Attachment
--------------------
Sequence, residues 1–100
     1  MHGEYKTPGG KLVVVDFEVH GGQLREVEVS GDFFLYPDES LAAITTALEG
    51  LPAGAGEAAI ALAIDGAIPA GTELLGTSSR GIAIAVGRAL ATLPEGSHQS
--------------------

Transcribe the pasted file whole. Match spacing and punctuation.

Sequence, residues 1–100
     1  MHGEYKTPGG KLVVVDFEVH GGQLREVEVS GDFFLYPDES LAAITTALEG
    51  LPAGAGEAAI ALAIDGAIPA GTELLGTSSR GIAIAVGRAL ATLPEGSHQS